LONDON: South Asian people are the most likely to die from coronavirus after being admitted to hospitals in the UK, according to a major analysis.
Twenty-seven institutions across the UK, including universities and public health bodies, as well as 260 hospitals, were involved in the study which revealed that it was the only ethnic group to have a raised risk of death in hospital and is partly due to high levels of diabetes, reports the BBC.
The study, the largest of its type in the world, is hugely significant as it assessed data from four-in-10 of all hospital patients with COVID-19.
The findings have been made public online ahead of being formally published in a medical journal.
The study surveyed nearly 35,000 COVID-19 patients in 260 hospitals across England, Scotland and Wales up until the middle of May.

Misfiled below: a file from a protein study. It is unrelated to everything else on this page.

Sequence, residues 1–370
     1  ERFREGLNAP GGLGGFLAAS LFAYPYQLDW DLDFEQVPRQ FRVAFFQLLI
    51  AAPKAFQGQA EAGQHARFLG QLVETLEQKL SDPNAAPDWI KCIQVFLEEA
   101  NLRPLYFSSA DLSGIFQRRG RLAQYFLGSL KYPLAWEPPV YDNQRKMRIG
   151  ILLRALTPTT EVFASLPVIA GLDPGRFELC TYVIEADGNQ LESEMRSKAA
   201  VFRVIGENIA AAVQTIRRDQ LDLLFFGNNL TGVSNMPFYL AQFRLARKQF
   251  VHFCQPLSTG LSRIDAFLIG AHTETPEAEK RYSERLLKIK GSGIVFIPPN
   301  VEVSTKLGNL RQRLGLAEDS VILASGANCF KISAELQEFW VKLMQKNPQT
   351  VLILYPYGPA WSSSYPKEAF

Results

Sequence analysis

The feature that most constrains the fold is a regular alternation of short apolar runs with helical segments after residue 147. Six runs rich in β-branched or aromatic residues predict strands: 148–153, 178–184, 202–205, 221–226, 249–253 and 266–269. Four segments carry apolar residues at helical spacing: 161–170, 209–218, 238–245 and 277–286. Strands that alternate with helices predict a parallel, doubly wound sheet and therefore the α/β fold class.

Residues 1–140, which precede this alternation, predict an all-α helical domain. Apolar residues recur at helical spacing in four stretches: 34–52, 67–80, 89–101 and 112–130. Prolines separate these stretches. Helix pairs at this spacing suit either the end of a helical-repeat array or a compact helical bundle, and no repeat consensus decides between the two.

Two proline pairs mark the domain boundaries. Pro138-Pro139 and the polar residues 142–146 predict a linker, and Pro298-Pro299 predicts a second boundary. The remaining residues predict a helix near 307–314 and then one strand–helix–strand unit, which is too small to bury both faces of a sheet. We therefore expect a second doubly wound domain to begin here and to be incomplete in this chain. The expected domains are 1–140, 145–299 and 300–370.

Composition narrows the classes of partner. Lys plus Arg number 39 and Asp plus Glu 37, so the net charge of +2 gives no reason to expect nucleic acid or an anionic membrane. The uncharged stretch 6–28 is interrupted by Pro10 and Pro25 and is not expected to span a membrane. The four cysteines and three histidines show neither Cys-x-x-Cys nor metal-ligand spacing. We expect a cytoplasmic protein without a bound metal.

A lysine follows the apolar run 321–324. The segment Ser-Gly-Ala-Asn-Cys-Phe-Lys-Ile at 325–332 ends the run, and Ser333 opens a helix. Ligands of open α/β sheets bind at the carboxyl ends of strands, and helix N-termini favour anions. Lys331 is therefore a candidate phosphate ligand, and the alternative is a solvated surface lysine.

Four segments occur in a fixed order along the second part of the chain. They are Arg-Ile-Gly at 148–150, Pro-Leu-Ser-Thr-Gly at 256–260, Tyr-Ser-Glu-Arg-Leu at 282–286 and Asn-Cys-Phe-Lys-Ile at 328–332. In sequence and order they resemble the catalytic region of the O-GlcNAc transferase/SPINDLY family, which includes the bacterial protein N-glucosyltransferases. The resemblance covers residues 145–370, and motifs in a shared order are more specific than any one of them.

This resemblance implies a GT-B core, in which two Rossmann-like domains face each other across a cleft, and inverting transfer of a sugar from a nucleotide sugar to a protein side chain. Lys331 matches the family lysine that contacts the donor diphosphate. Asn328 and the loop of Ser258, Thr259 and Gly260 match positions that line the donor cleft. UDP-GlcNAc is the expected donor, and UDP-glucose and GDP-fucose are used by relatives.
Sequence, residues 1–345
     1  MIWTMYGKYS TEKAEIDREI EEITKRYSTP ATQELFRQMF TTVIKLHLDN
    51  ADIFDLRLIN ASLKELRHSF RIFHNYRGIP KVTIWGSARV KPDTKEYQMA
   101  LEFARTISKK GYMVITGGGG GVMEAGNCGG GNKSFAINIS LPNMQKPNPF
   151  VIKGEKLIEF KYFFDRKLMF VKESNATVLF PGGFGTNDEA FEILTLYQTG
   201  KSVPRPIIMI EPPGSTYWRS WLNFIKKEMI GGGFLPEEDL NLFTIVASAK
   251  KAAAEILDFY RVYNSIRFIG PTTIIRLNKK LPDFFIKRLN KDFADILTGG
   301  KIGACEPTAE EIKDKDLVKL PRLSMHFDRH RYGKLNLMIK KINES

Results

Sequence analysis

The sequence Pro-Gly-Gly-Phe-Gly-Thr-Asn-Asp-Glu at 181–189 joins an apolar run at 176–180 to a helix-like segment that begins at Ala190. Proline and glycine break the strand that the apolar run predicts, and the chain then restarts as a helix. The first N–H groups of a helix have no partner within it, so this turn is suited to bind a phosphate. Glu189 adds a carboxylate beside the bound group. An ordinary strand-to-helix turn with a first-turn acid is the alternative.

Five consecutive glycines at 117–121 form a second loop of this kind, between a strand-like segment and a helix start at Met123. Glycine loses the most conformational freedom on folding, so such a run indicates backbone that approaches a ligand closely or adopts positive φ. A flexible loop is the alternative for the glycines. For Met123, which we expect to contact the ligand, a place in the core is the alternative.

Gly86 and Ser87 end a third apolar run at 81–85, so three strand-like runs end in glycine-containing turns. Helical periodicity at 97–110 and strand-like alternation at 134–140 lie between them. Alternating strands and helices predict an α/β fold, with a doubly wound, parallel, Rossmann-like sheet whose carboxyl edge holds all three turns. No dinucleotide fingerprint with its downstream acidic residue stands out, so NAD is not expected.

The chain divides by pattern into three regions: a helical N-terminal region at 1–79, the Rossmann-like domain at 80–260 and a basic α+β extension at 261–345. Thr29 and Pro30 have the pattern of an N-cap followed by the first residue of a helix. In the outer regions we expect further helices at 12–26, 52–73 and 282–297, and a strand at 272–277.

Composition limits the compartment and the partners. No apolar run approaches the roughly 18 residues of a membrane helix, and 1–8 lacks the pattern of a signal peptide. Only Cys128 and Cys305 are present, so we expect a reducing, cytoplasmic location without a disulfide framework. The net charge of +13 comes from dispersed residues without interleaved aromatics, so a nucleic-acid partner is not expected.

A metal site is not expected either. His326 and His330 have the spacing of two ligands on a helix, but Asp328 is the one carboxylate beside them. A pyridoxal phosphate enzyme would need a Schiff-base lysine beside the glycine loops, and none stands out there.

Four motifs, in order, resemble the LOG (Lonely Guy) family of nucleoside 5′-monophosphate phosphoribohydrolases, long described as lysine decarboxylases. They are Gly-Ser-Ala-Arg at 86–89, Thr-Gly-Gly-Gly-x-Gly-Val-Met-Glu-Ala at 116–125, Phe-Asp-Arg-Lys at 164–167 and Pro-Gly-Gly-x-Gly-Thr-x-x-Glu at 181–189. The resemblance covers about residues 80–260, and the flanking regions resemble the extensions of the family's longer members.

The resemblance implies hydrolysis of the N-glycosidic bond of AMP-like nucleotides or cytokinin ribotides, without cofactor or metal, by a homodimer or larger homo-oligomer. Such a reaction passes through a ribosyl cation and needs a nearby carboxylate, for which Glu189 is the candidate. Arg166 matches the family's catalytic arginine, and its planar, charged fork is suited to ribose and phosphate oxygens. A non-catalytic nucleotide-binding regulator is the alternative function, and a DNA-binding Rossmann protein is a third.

“South Asians are definitely more likely to die from Covid-19 in hospital, but we don’t see a strong effect in the black group,” Professor Ewen Harrison, from the University of Edinburgh, told the BBC.
“The South Asian population in hospital looks completely different to the white population,” Harrison said.
“They’re 12 years younger on average, that’s a massive difference, and they tend not to have dementia, obesity or lung disease, but very high levels of diabetes.”
Around 40 per cent of South Asian patients had either type 1 or type 2 diabetes compared with 25 per cent of white groups, according to the study.
Diabetes has a dual effect of increasing the risk of infection and damaging the body’s organs, which may affect the ability to survive a coronavirus infection.
Earlier work by Public Health England showed people of Bangladeshi heritage were dying at twice the rate of white people, while other black, Asian and minority ethnic groups had between 10 per cent and 50 per cent higher risk of death, the BBC reported.
Although that did not account for other factors such as occupation, health problems and obesity.
As of Friday, the UK accounted for a total of 301,935 COVID-19 cases, with 42,373 deaths, currently the highest in Europe.
(With inputs from Agencies)